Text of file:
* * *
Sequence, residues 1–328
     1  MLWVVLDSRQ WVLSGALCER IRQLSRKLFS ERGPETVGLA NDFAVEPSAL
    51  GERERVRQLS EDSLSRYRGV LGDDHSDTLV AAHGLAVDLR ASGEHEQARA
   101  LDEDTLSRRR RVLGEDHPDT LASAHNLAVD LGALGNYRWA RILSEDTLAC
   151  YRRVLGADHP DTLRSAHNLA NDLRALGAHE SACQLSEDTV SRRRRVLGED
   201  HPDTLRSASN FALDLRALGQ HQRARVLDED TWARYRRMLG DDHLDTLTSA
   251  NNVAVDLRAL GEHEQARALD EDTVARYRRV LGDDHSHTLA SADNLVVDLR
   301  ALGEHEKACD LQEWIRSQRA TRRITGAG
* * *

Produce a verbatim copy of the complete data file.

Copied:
Sequence, residues 1–328
     1  MLWVVLDSRQ WVLSGALCER IRQLSRKLFS ERGPETVGLA NDFAVEPSAL
    51  GERERVRQLS EDSLSRYRGV LGDDHSDTLV AAHGLAVDLR ASGEHEQARA
   101  LDEDTLSRRR RVLGEDHPDT LASAHNLAVD LGALGNYRWA RILSEDTLAC
   151  YRRVLGADHP DTLRSAHNLA NDLRALGAHE SACQLSEDTV SRRRRVLGED
   201  HPDTLRSASN FALDLRALGQ HQRARVLDED TWARYRRMLG DDHLDTLTSA
   251  NNVAVDLRAL GEHEQARALD EDTVARYRRV LGDDHSHTLA SADNLVVDLR
   301  ALGEHEKACD LQEWIRSQRA TRRITGAG